Fake it ’til you make it



[Image credit: Stuart Miles]

I heard a counselor once explain that actions precede feelings. Which means you must follow through with an action before the hoped-for or expected emotion takes root. Put into practice, it may look like this: you’re invited to join a group of people at a party. You don’t want to go, but your best friend asks you to be her “date.” Not mentioning you’d rather stay home and wash the dog, you join your friend because it’s important to her. You have a decent time, however, so when you’re invited to hang out again, you agree more readily. During the next party, you relax a bit more and end up having a blast. You faked it until you made it. Sometimes it takes a while before the feelings catch up with the actions but, the more you practice, the easier it gets … until one day your actions and the resulting emotions are completely natural. At least that’s the plan.

Have you faked it until you made it?

The littlest of blessings

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At the beginning of 2013, I pulled out a jar from the cupboard and placed it in plain view. The plan was for my family to jot down things we’re grateful for throughout the year and add these slips of paper to the jar. On New Year’s Eve, we’re supposed to read the notes and reflect on all of the blessings we received. Not unlike a clean slate on Jan. 1, an empty jar leaves so much room for possibilities. Glancing at the jar as I write this, I’m disappointed to see only a few pieces of paper scattered across the bottom. Although I know I’ve forgotten to write down some of the “good” things over the past 11 months, overall it’s been a challenging year. Consequently, the few slips of paper we’ll review at the end of December are that much more precious. And it makes me determined to recognize even the littlest of blessings I receive in 2014.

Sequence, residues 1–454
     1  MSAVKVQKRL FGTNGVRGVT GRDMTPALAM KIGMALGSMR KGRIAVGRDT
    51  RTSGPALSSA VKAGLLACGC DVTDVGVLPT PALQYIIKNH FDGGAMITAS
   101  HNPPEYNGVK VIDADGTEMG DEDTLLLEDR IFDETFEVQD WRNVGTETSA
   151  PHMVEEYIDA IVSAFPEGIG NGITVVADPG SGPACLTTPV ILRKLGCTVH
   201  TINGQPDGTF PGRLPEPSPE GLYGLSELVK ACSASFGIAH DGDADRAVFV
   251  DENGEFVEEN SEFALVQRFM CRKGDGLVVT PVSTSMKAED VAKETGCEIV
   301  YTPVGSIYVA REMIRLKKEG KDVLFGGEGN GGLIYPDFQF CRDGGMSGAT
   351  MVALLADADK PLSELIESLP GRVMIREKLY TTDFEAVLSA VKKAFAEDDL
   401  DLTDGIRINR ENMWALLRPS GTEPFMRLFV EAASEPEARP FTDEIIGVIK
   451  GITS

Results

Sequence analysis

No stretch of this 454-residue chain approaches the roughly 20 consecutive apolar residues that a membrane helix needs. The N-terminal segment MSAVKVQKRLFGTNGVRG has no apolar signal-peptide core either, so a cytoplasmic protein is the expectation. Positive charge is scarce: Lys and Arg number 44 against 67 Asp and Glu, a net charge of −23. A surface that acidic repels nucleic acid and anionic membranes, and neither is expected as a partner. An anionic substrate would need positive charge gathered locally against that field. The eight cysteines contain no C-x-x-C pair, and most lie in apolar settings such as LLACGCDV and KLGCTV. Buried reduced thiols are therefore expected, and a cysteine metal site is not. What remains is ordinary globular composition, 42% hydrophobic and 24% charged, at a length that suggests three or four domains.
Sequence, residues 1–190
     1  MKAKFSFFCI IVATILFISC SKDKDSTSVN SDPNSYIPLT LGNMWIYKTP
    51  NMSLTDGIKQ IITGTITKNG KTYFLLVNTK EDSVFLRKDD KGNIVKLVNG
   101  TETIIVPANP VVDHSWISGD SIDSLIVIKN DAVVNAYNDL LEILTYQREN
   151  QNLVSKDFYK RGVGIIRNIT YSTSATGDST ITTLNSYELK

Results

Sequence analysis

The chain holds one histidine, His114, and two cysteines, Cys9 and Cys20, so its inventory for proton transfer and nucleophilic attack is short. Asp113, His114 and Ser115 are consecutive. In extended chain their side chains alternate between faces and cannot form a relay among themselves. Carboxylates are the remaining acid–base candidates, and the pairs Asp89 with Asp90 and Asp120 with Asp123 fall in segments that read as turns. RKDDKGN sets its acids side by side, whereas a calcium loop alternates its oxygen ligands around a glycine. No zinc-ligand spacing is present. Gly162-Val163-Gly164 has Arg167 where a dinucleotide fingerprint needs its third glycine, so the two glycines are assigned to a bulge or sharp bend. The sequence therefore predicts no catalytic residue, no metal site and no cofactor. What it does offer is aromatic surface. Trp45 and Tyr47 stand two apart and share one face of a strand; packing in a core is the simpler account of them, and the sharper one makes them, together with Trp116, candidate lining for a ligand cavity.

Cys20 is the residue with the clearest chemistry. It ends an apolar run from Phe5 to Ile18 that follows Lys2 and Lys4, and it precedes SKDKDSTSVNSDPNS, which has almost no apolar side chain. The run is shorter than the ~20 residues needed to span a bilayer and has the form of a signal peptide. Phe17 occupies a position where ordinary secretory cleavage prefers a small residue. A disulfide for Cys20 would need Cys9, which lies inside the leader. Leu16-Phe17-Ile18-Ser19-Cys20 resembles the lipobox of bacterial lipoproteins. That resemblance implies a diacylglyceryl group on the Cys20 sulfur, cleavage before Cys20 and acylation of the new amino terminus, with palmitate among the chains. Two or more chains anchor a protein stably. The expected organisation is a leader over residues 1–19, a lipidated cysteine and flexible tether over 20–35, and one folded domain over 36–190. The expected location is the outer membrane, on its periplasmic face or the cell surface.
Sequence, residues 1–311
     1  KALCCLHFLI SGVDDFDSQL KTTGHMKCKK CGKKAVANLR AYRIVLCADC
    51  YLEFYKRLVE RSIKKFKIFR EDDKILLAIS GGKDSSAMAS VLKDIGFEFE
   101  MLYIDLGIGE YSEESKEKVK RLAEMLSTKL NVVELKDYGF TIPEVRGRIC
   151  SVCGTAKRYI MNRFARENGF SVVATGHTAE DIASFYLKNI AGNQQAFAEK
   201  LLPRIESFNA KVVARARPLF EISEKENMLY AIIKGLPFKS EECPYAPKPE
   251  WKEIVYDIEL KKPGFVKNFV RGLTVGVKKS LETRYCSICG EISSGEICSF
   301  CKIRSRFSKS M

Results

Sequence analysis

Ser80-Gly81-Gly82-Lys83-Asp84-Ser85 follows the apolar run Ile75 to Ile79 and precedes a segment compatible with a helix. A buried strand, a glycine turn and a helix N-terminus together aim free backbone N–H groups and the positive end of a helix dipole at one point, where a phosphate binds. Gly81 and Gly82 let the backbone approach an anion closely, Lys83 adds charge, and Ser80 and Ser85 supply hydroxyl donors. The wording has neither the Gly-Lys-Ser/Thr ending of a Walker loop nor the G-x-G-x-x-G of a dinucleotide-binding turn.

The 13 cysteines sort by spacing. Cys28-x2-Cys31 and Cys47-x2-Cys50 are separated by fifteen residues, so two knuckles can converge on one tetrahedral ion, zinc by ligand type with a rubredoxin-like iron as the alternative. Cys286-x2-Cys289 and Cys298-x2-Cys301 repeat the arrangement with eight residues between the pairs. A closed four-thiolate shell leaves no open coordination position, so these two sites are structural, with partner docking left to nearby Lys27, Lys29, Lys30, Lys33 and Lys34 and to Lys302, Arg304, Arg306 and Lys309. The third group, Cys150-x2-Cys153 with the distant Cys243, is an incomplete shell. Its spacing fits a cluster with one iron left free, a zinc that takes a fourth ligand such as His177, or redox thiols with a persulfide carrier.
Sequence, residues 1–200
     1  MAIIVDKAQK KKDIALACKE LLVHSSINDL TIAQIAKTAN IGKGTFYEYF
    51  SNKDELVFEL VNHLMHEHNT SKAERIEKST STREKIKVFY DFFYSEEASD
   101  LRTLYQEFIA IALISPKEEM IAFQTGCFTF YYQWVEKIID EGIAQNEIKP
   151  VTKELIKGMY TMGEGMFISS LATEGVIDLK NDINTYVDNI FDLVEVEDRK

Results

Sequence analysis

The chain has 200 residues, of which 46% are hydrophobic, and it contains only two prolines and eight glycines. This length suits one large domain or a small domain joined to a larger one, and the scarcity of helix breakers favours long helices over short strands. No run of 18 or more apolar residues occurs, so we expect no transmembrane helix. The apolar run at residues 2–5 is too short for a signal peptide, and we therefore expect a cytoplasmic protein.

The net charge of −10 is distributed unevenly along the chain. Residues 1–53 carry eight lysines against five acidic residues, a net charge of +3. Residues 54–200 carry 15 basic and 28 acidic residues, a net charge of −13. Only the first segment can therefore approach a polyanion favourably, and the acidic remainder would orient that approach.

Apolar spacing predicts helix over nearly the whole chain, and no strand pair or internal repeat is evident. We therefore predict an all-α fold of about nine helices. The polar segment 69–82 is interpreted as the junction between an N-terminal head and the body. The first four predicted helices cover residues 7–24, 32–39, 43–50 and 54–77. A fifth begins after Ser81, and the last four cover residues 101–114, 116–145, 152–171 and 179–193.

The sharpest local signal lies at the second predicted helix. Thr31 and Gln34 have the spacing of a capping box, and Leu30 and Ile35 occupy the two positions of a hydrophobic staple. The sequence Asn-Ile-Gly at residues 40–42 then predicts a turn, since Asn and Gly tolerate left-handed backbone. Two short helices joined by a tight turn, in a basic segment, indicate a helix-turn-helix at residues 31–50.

Has it been a “good” year for you?

A commitment to start

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A commitment to start

[Image credit: Idea go]

With a little more than a month remaining until 2014, I’ve been reflecting on the past year. Professionally speaking, I had one goal: to write a book. The most concise writing advice I’ve ever read is: start small, join a writing class and/or writer’s group and try to write every day. So I am, I did and I do. But life is a roller coaster and, for the writer, writing is an extension of that life. Which means the best laid plans are oftentimes crammed with detours. For example, mid-year my family ran into a snag. My daughter and I became estranged and didn’t speak for a month. We were stuck, like the proverbial writer’s block. However, applying that same (writing) advice to our situation, I started out small. I relied on friends and family for support. And now she and I try to communicate daily. Although we cannot avoid life’s roadblocks, we can make a commitment to start wherever we are.

What are you committed to start?